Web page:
Bakkiyaraj Kannan’s Sulthan: Karthi And Rashmika Mandanna Star In A Generic ‘Mass Movie’ That Could Have Been So Much More
The first half-hour of Bakkiyaraj Kannan's Sulthan — starring Karthi and Rashmika Mandanna — is pretty promising. (Let's ignore the mandatory hero-intro song!) It's like a mashup of Thevar Magan and the Mahabharata. From the latter, we get a bloodthirsty Kaurava-like clan that does all the rowdyism and goondaism in Chennai. Napoleon plays the Duryodhana equivalent, the leader — and Karthi (i.e., Sulthan) is the Kamal Haasan-equivalent from Thevar Magan. He does a posh job in a posh city and when he returns, he is disgusted by the bloodlust that's such a part of his family. The mythical element runs right through: from Sathyan Sooryan's shadow-rich cinematography to Sulthan's birth, amidst rain and bloodshed. And around the thirty-minute mark, we get the "knot": what Sulthan has to do, what his mission is. It's perfectly placed.
But soon, we see that the writer-director doesn't trust his premise. He wants to keep throwing in more, more, more. There's a terrific idea about rivalry within Karthi's clan, and that would have been enough "villainy" to carry the story forward. But we get a second villain in Salem and a third villain who's one of those suited-booted corporate types always stalking the Tamil multiplexes. In a very ordinary film, you'd sigh and accept all this without batting an eyelid because that very ordinary film is just another excuse for hero-worship. But when you see potential and when this potential is not fully exploited…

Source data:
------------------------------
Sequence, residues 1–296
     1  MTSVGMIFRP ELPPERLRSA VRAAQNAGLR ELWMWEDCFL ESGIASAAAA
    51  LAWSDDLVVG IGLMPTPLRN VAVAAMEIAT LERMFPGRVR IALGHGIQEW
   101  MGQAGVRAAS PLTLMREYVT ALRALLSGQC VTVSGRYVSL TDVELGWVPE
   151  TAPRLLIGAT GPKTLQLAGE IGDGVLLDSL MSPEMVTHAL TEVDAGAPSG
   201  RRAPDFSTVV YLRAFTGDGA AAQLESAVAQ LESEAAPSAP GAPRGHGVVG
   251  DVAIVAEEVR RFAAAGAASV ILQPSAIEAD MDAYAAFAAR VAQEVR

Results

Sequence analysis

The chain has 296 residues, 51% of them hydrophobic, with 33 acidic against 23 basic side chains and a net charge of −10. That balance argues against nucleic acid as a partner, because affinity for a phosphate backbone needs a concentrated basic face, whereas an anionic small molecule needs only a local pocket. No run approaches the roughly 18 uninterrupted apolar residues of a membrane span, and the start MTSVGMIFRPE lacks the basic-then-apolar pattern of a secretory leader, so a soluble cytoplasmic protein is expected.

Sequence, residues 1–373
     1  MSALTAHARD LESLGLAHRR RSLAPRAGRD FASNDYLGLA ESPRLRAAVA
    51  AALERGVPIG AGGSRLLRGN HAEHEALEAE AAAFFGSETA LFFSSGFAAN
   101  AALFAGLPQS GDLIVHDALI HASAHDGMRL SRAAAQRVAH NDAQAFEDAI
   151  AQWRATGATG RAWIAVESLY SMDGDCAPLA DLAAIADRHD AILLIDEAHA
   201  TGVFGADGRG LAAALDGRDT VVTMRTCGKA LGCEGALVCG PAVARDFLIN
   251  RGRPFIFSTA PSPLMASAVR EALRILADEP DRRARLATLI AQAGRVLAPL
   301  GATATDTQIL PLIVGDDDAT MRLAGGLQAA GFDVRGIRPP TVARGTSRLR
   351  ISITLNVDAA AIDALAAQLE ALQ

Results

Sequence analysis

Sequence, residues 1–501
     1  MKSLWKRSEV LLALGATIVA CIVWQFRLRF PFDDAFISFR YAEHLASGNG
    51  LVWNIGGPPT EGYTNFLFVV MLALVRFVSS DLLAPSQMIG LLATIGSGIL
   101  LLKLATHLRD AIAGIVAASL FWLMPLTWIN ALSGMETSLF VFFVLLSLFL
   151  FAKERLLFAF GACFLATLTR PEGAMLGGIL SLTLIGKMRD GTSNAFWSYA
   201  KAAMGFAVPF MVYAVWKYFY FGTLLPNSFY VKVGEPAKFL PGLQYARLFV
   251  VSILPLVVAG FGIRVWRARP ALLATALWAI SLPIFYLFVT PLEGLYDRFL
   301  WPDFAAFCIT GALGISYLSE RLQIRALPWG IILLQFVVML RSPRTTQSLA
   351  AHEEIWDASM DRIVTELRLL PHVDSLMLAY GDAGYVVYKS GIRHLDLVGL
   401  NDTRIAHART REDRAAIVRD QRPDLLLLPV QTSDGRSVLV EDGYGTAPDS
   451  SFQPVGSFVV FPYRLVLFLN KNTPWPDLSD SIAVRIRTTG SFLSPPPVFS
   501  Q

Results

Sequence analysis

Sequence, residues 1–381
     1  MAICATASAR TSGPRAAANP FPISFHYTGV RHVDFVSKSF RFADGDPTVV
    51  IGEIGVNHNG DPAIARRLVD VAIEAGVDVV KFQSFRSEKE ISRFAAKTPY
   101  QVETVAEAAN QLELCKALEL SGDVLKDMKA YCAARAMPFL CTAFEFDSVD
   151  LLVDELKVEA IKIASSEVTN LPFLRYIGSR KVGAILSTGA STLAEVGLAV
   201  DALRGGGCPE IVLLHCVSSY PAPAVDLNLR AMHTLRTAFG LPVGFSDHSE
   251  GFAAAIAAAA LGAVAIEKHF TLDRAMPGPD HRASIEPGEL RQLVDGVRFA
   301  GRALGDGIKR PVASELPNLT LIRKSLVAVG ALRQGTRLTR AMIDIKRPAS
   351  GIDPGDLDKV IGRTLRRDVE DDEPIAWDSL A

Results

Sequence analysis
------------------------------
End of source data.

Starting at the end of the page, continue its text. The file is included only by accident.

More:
I liked some writing decisions. I liked that the hero has to earn the heroine's trust and respect before he earns her love. I liked that the inevitable agriculture angle is brought in a bit organically, with a Seven Samurai-like situation. I liked that Sulthan's fighting skills don't erupt Just Because He Is A Mass Hero but because he has been trained by his uncles as a child. But the film isn't consistent and it becomes increasingly generic. I'll leave you with this interval moment. Sulthan has just won over the bad guys. The people around him are triumphant. And yet, all he can look at is his blood-stained hand. The violence of his family runs through him, too. Is it too much to expect a "mass movie" to follow through with these emotional beats? Perhaps so! But that's why Sulthan remains a constant reminder of what it could have been: so much more than just "watchable".